Your browser does not allow storing cookies. We recommend enabling them.


Using the z/OS System Authorization Facility

Tectia Server for IBM z/OS supports X.509 certificates and RSA/ECC keys managed by the z/OS System Authorization Facility (SAF). For more information, see Certificates Stored in SAF and Certificates Stored in SAF. If SAF keys are going to be used, the users need permissions to access the relevant facilities.

Tectia Server for IBM z/OS uses the Integrated Cryptographic Services Facility (ICSF) if the UseCryptoHardware configuration variable allows it (see Cryptographic Hardware Support) or keys and certificates are stored in the System Authorization Facility (SAF) and the keys are of type ICSF or PCICC (see Certificates Stored in SAF and Certificates Stored in SAF). SAF will control the use of cryptographic services if the CSFSERV class is activated and will control the access to cryptographic keys if the CSFKEYS class is activated.

When using SAF private keys, the server or client user needs access to the CSFDSG resource in the CSFSERV class. The private keys can be secured by permitting access to a resource in the CSFKEYS class. The name of the resource is the label of the key in the ICSF key database.

See the IBM document z/OS ICSF Administrator's Guide, chapter "Controlling Who Can Use Cryptographic Keys and Services" for instructions on how to use generic resource names, how to give permissions to user groups and connect users to groups, and how to define auditing.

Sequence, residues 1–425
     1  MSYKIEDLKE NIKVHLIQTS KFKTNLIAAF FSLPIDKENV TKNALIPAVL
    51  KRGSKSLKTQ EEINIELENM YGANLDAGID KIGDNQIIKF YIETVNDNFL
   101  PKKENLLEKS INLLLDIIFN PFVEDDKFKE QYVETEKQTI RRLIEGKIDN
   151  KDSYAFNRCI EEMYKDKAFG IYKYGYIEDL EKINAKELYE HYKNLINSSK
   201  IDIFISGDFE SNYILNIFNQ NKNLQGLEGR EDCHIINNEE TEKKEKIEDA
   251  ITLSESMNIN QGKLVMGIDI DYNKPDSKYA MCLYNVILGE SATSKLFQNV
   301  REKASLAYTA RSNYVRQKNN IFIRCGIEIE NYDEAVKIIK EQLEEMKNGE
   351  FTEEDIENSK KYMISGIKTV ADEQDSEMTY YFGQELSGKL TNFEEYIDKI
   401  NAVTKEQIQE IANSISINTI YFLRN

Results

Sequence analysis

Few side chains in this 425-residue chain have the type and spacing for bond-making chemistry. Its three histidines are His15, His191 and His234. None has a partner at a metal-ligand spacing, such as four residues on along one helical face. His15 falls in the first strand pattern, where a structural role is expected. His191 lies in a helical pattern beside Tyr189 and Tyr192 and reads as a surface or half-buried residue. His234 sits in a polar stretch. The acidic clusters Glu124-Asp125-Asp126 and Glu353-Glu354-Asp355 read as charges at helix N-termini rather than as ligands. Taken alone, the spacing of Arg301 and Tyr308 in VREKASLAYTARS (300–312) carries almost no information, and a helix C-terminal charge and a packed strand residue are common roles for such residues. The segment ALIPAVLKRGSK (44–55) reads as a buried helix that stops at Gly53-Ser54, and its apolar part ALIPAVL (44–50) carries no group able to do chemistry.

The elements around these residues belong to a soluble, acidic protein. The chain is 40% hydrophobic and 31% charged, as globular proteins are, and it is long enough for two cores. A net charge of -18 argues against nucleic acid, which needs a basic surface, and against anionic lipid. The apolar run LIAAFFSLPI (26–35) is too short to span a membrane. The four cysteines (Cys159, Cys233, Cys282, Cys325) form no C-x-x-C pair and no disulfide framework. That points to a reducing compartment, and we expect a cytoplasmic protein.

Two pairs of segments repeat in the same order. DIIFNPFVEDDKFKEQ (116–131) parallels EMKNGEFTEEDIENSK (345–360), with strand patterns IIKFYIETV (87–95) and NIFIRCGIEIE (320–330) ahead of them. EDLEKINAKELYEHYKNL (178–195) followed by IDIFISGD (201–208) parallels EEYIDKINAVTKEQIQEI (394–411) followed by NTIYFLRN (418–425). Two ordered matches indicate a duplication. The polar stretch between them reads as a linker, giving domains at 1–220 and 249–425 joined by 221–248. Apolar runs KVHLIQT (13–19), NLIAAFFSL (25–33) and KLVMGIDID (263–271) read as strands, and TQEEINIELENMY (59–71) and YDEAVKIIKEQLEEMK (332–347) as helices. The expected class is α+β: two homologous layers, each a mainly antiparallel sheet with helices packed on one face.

The users (including the SSHD2 user) must have at least READ access to the IRR.DIGTCERT.LISTRING facility. If a user needs access to a key ring belonging to another user, he must have UPDATE access to the facility. This case will arise when using a KnownHostsEkProvider for checking host certificates, because host certificates are best entered as SITE keys and are not owned by the verifier.




What to read next:

  • Reduce Secure Shell risk. Get to know the NIST 7966.

    The NISTIR 7966 guideline from the Computer Security Division of NIST is a direct call to action for organizations regardless of industry and is a mandate for the US Federal government.
    Download now
  • ISACA Practitioner Guide for SSH

    With contributions from practitioners, specialists and SSH.COM experts, the ISACA “SSH: Practitioner Considerations” guide is vital best practice from the compliance and audit community.
    Download now